Background: Acquired somatic mutations are crucial for the development of the majority of cancers. In hematological malignancies, some molecular mutations are very specific for certain entities (e.g. BRAF in HCL, MYD88 in LPL), while others were detected in a variety of malignancies (e.g. mutations in TP53, TET2, DNMT3A, RUNX1). Moreover, mutations in genes related to CHIP (clonal haematopoiesis of indeterminate potential; ASXL1, TET2,DNMT3A) were detected in an age-related manner.
Aim: (1) Analysis/comparison of mutation frequencies of 122 selected genes in 3096 cases with 28 different hematological malignancies for identification of "mutation-driven" entities. (2) Correlation of CHIP-related mutations with mutational landscapes.
Methods: Whole-genome sequencing (WGS) was performed for all 3096 patients. For this, 151bp paired-end reads were generated on NovaSeq 6000 and HiSeqX machines (Illumina, San Diego, CA). The Illumina tumor/unmatched normal workflow was used for variant calling. All reported p-values are two-sided and were considered significant at p<0.05.
Results: Entities with the highest numbers of mutations (median n=4) and thus potentially with the largest impact of mutations on pathogenesis comprised aCML (range: 1-7), CMML (1-6), MDS/MPN-U (2-5) and s-AML (2-8), whereas the lowest numbers (median n=0) were observed for CML (0-3), MGUS (0-2), MLN_eo (0-3), NK cell neoplasm (0-3) and PPBL (0-2). In the total cohort of 3096 cases, the most frequently mutated genes were TET2 (14%), ASXL1 (13%), TP53 (10%), SF3B1 (9%), DNMT3A (9%) and SRSF2 (9%). Entities with high frequencies of specific mutations (> 50%) comprised: aCML (ASXL1, 86%), BPDCN (TET2, 67%), BL (TP53, 60%), CMML (TET2, 67%; ASXL1, 58%), FL (KMT2D, 87% and CREBBP, 73%), HCL (BRAF, 100%), LPL (MYD88, 98%; CXCR4, 51%), MDS/MPN-U (ASXL1, 60%), MPN (JAK2, 68%), B-NHL (TP53, 50%) and T-NHL (STAT3, 52%). Mutations enriched in distinct entities included SETBP1 (26% in MDS/MPN overlaps), CSF3R (30% in MDS/MPN-U), STAT3 (only in T-NHL and NK cell neoplasm, 52% and 23%), NOTCH1 and PHF6 (T-ALL, 38% and 30%) and MYC and ID3 (almost exclusively in BL, 30% each). Genes predominantly mutated in myeloid neoplasms comprised e.g. SF3B1 (with the exception of CLL), JAK2, NPM1, RUNX1, IDH2, CEBPA, STAG2, NF1 and GATA2. By contrast, mutations in KMT2D, MYD88, ARID1A, ATM, CXCR4, BIRC3 and CD79B were detected almost exclusively in lymphoid malignancies. A broad distribution across entities was observed for mutations in TET2, ASXL1,DNMT3A, TP53, BCOR and ETV6. Thus, the first three, i.e. CHIP-related genes were also mutated with a high frequency in lymphoid neoplasms. In line with this, gene mutations found in the largest number of entities comprise DNMT3A (n=23 entities), TET2 (n=21), ASXL1, TP53, NRAS (n=19, respectively), KRAS and BCOR (n=17, respectively). Further, we compared the mutational patterns of cases with at least one CHIP-associated mutation (n=920 cases in the total cohort, "CHIP+") with cases without such mutations (n=2176, "CHIP-") to decipher CHIP-correlated mutation patterns. Significant differences with respect to accompanying mutations were mainly detected for myeloid neoplasms (MDS, mutations in n=12 genes significantly different in CHIP+ vs. CHIP- without CHIP genes themselves; AML, n=7; MPN, n=4; aCML, n=2; CMML, n=1) but also for MPAL (n=3), T-ALL (n=2), B-ALL, FL and LPL (n=1, respectively). Mutations in TP53 were found significantly enriched in CHIP- cases in 4 different entities, moreover mutations in KRAS, WT1 and SF3B1 were more abundant in CHIP- cases (in CMML, AML and aCML, respectively). By contrast, CHIP+ cases were characterized by high frequencies of mutations in RUNX1 (in n=4 entities), SRSF2, IDH2, NRAS (n=3) and EZH2 (n=2).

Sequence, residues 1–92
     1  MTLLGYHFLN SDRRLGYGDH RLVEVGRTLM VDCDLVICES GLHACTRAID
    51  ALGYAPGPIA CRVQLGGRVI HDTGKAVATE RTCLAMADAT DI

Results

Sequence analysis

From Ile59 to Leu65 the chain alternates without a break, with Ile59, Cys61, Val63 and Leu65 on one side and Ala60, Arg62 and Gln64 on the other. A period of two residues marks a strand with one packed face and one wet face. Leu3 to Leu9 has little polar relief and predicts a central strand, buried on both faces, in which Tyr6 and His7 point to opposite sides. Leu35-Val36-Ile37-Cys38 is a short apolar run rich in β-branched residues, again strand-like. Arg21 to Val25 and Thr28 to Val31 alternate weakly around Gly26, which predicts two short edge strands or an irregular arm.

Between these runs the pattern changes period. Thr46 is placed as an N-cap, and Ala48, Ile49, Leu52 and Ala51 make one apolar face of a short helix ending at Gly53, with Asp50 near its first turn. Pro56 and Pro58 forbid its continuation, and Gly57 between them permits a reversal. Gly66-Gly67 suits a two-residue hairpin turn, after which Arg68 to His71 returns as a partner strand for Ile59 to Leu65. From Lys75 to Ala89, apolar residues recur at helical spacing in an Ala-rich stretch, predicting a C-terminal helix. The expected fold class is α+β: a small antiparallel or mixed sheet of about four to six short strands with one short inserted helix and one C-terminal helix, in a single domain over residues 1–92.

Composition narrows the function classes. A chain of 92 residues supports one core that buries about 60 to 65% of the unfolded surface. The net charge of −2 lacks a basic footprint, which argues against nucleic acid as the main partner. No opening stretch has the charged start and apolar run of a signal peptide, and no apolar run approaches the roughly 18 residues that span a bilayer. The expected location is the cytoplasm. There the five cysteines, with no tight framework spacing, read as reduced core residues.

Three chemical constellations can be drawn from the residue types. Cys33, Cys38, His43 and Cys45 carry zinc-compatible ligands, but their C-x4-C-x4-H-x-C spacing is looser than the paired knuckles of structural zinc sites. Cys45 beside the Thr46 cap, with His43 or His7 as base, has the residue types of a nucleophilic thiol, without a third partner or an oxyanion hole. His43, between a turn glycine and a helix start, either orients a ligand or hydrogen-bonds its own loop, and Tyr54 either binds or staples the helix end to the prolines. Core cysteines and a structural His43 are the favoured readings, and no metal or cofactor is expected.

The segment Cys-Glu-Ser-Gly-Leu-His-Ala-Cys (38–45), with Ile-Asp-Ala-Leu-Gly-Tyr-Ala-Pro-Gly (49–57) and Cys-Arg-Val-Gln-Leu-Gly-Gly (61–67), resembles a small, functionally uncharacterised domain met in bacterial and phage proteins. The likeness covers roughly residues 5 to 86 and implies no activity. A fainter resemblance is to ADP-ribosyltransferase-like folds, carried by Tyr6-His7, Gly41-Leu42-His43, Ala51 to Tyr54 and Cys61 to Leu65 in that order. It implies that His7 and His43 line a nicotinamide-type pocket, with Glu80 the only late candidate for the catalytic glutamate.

Conclusions: (1) Certain mutations showed a broad distribution within or even across the myeloid/lymphoid lineage, including CHIP-related mutations frequently detected also in lymphoid malignancies. (2) The median numbers of mutations were low in entities that are defined by chromosomal fusions (CML, MLN_eo) or in entities that are regarded as "pre-malignant" (MGUS, PPBL), while especially MDS/MPN overlap cases seem to be mutation-driven (high number of mutations). (3) We deciphered different mutation patterns in CHIP+ (RUNX1, SRSF2, IDH2, NRAS, EZH2) and CHIP- (TP53, KRAS, WT1, SF3B1) cases across all entities, suggesting differences in pathophysiology.
No relevant conflicts of interest to declare.
Asterisk with author names denotes non-ASH members.